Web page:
2. The taxpayer must have an “assessed balance” up to $250,000 owed to the IRS: The assessed balance is the amount at the time the tax return or additional adjustment is calculated, and it does not include accruals of interest and the failure to pay penalties after the original assessment. The total assessed and accrued balance must be paid before the collection statute expires under the terms of the agreement, but the qualification is only based on the assessed amount.
  3. The taxpayer must not be assigned to the Collection Field function (i.e. Revenue Officers):  Taxpayers will have to go through financial disclosure when assigned to a revenue officer. The revenue officer and the taxpayer will determine payment arrangements based on the taxpayer’s ability to pay with assets and monthly payments.
  4. The taxpayer does not have to use available assets to pay down the balance owed: Similar to the expanded IA and the streamlined IA, the NSIA does not require that the taxpayer liquidate assets because they will fully pay before the statute expires.
  5. The taxpayer must pay before the collection statute expires: The IRS collection statute is 10 years from the date of assessment (though it can be extended for certain actions). The agreed payment amount will account for full payment before the statute of limitations to collect expires.
  6. The IRS will help the taxpayer determine the payment amount: IRS collection personnel will determine the payment amount in order to fully pay before the statute expires. IRS representatives have a tool they can use to estimate the required amount to pay that will fully satisfy the liability, including projected accrued interest and penalties. 
  7. The taxpayer must call or write the IRS to get the agreement: This agreement cannot be made online. The taxpayer must contact the IRS directly to set up this agreement. In the future, it may be possible for taxpayers to set up this agreement online, but that is not currently an option.
  8. The taxpayer may be requested to pay by direct debit to avoid financial disclosure reporting to the IRS: IRS officials have indicated that direct debit payments are not a requirement. However, if the taxpayer has a past history of defaulted agreements (i.e. missed payments or new balances owed and unpaid), the IRS may request that the taxpayer set up their payments to be automatically drafted from their bank account.  Taxpayers can use Form 433D to set up these direct debit payments. When setting up the payment on the phone, the taxpayer can fax the signed, completed Form 433D to the IRS representative to set up the agreement.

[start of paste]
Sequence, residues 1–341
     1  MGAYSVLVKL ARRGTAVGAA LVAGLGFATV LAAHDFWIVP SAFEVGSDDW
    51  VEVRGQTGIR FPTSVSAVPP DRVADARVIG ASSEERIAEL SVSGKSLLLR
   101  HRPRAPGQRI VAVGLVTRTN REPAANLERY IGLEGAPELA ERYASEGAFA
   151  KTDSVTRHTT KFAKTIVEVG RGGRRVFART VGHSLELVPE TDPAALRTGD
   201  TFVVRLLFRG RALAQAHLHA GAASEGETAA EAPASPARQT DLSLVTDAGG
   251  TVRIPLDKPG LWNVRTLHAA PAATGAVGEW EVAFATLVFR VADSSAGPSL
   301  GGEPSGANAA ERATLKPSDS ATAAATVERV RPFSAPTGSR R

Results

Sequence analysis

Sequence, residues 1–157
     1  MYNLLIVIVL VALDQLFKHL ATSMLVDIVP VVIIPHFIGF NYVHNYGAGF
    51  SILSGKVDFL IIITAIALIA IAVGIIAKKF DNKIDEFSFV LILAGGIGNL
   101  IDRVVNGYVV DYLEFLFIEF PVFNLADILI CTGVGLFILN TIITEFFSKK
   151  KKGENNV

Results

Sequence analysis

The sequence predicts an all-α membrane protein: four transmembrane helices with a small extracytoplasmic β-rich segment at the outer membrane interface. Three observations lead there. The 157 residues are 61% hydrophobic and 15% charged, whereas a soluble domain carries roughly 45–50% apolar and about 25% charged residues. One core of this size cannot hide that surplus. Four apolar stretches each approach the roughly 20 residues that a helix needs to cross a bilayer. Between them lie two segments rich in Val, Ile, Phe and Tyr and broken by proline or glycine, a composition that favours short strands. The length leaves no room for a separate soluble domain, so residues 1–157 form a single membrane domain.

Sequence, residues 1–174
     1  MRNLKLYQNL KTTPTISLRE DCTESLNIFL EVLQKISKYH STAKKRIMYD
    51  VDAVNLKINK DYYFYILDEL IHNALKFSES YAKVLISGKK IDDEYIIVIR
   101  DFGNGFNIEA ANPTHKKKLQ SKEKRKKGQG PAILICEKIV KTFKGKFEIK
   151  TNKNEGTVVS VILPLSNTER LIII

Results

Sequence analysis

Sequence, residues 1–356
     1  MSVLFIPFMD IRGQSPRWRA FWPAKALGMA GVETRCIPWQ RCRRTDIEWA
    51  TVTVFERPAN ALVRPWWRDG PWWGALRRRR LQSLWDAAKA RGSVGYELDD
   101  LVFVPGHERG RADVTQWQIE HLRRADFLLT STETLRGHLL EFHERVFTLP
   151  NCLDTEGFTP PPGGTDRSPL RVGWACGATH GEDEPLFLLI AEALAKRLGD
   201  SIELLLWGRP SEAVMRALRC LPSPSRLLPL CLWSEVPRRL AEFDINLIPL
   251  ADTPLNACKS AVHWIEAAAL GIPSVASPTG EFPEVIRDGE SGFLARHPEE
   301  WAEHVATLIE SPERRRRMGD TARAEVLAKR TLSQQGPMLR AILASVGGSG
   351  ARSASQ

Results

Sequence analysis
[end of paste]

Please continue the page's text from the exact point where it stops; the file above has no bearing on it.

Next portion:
9. An IRS manager must approve the agreement: NSIAs require a manager to approve the agreement. 
  10. Prior payment plan defaults may require more financial disclosure: Taxpayers who have had prior installment agreements and have defaulted on these agreements will likely need to provide some limited financial information before the NSIA is allowed. This limited financial disclosure occurred on the old EIA terms if there was a prior default. In our experience, the IRS did not universally adhere to this procedure and often allowed the EIA with prior defaults without additional financial disclosure.
  11. The taxpayer will have a Notice of Federal Tax Lien filed: This is a condition of an NSIA. If a taxpayer wants to avoid the tax lien, they should consider paying down the assessed balance to under $50,000 and getting into an SLIA.

One important note to high tax debt individuals: If you have an assessed balance of more than $1,000,000 and are not in a current agreement with the IRS (payment plan, currently not collectible, extension to pay, offer in compromise), IRS procedures require the taxpayer to be assigned to a local field collection officer (revenue officer) for enforcement. In these cases, the taxpayer has no option but to set up an agreement based on their ability to pay. In these cases, the revenue officer will look to have the taxpayer pay the amount owed in the quickest manner. This may include liquidation of assets.

The good news is that individual tax debtors who owe up to $250,000 now have an easier path to an IRS payment plan. If the taxpayer’s financial circumstances change, they can always renegotiate the terms of the IRS collection agreement based on their ability to pay. For assistance creating a strategy to address your tax issue, visit Jackson Hewitt’s Tax Resolution Hub to see the various ways we can help you.

1 See IRS, Small Business/Self-Employed Division, Collection Activity Report (CAR) No. 5000-6 for fiscal years (FYs) 2018 and 2019, which shows that streamlined installment agreements accounted for 70 percent of all installment agreements in these two years.

About the Author

Jim Buttonow, CPA, CITP, is the Senior Vice President for Post-Filing Tax Services at Jackson Hewitt. He’s been a leader in helping taxpayers and tax professionals resolve tax problems with the IRS, where he had worked for 19 years in various compliance-enforcement positions. Prior to his current role, Jim’s consulting practice focused on the areas of tax controversy and tax administration, which included leading product development on tax problem software for tax professionals, testifying before Congress, advocating for IRS transparency and efficiency, and proposing innovative large-scale solutions for taxpayers and tax professionals. Jim is also the author of Tax Problems and Solutions Handbook, a publication aimed at helping tax pros work more effectively in post-filing matters and resolving their clients’ most common tax problems.